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Suspected 'wizard' identified

by Staff reporter
20 Sep 2019 at 18:27hrs | Views
The young who had been mistakenly identified as a wizard, is believed to be suffering from mental illness.

A young man who had been mistakenly identified as a wizard after he was found undressed in the early hours of Friday by some Mpopoma residents, is actually a mental health patient who had been missing for some days, a relative has confirmed.

The man whose identity and age could not be immediately ascertained reportedly went missing from his Matshobane home on Tuesday evening.

He surfaced in Mpopoma on Friday morning after some residents thought they had intercepted a wizard.

A one minute video, which has since gone viral on social media, shows the undressed young man seated on a blue plastic chair carrying a sweeping broom while being interrogated by some unidentified men.

Ward 9 Councillor, Donaldson Mabutho confirmed the incident to CITE.

 "I was called by the caretaker of Gutaramwari church at around 12 midnight as he said he had identified a young man whom we suspected was a wizard," said Cllr Mabutho.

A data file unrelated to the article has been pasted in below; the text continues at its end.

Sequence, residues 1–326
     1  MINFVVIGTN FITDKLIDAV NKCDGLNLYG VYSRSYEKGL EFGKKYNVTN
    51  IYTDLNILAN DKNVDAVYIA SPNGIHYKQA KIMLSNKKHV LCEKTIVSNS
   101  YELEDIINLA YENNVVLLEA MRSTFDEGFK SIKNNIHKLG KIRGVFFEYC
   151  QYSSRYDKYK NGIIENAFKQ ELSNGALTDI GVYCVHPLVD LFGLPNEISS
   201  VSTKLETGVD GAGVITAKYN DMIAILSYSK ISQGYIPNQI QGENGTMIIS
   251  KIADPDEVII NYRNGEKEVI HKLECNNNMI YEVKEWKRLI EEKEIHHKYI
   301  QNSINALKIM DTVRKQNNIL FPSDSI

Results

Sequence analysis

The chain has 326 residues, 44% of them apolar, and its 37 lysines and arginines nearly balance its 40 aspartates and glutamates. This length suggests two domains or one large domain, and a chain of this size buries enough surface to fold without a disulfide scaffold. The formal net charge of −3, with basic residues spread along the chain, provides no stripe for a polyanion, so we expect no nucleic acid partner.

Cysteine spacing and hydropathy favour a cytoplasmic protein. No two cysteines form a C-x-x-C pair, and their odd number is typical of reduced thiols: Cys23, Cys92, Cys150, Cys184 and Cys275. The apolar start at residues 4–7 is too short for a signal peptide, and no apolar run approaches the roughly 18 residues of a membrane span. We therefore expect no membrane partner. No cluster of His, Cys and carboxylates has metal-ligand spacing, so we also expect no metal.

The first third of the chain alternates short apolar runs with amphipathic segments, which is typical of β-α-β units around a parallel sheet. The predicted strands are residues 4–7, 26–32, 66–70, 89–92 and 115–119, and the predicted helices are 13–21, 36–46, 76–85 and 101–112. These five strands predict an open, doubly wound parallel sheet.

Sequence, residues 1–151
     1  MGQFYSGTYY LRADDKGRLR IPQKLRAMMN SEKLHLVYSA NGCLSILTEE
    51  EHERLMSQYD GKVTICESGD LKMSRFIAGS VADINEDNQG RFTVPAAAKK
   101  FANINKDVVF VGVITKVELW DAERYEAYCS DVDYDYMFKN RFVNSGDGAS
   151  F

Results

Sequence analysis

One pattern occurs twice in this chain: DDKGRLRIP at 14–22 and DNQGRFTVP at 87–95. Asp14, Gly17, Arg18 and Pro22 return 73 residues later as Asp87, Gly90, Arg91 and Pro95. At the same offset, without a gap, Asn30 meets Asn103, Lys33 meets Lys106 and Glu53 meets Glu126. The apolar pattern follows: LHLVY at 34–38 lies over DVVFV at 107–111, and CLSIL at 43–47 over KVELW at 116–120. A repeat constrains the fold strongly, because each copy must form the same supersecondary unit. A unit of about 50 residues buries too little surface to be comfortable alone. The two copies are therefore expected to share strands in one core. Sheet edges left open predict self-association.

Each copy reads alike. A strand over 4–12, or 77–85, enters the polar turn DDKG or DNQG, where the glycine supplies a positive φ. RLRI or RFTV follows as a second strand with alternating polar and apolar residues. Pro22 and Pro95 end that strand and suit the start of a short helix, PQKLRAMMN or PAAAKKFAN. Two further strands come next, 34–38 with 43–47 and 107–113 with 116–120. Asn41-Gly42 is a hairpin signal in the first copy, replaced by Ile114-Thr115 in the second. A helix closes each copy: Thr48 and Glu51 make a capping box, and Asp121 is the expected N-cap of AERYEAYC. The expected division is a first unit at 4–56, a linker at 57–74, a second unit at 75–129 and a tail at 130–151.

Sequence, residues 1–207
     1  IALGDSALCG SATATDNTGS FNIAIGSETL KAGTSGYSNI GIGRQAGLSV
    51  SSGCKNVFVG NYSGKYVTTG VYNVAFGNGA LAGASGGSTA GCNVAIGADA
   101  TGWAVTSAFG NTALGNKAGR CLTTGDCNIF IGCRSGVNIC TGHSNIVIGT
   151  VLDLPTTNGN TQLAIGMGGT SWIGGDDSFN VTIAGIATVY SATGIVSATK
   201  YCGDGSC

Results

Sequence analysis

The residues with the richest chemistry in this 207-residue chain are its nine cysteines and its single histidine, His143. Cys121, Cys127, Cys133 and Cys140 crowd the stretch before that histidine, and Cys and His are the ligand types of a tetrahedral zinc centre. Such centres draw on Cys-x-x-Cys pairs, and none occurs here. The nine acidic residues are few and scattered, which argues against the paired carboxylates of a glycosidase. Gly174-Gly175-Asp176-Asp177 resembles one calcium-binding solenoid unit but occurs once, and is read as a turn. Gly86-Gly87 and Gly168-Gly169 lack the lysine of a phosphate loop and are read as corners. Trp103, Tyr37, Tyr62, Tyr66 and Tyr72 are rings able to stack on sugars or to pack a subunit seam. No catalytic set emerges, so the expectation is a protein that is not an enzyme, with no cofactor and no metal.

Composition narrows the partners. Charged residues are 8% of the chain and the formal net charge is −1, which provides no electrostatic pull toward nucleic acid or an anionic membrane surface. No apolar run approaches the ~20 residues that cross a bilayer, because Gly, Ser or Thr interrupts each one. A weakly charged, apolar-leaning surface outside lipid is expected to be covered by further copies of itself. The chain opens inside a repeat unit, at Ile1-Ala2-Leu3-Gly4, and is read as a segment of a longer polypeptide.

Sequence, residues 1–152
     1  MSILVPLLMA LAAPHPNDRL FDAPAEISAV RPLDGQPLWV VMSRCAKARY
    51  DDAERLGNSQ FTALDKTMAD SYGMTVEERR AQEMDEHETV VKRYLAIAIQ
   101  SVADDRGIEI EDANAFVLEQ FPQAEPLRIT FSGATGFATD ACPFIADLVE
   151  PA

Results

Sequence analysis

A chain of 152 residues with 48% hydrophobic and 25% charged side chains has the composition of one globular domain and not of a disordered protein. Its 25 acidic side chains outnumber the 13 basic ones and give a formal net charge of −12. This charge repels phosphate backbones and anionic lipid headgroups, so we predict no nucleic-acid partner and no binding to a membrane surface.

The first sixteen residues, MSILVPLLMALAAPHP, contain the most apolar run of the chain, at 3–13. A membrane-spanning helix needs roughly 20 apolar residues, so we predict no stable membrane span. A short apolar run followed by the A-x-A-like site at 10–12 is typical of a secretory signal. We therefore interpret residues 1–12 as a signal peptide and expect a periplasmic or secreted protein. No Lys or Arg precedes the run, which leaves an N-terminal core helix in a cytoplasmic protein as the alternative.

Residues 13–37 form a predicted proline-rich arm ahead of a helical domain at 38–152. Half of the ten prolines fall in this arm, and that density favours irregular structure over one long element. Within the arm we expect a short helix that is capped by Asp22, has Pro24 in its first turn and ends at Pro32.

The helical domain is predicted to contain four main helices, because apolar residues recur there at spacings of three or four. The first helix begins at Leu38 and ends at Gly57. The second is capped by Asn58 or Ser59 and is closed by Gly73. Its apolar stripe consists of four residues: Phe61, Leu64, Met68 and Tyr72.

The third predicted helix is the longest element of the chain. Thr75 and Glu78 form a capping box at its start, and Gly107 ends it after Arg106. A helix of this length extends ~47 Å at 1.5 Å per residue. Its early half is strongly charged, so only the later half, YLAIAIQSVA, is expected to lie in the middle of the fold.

"The young man had said he was coming from Nyamandlovu and was on an unspecified mission with three other friends."

However, a family member, Nokuthula Ndlovu, had already launched an online appeal seeking information on the whereabouts of the young man.

"We last saw him on Tuesday in Matshobane around 8 pm when he went out outside and we thought he was using the toilet," she told the publication.

"We have however located him, we were called by the West Commonage Police Station."

The Founder and Director of African Institute for Ending Bullying, Depression and Suicide (AFRIBS), Zenani Masuku says there is a need for communities to identify the signs and symptoms of people with mental health challenges.

"People need to understand issues of mental health, what it entails and where one can find help. There is a need to be sensitive about these issues," said Masuku.

"Such stories are the reason why a lot of people prefer suffering in silence in fear of what people will say in regards to their illness or fear of being labelled."

Masuku said people must openly talk about mental illness and seek medical treatment early.

"We hope that more and more people can be open to talk about mental health and learn the signs and symptoms so that they can seek medical treatment early and get assistance from clinical psychologists or psychiatrist.

"People need to understand that mental illness can be caused by genetics, environment, childhood traumas, economic factors among other causes. Triggers are so many and the only way anyone can get help and be their old self again is through clinical treatment not by any other means," she said.

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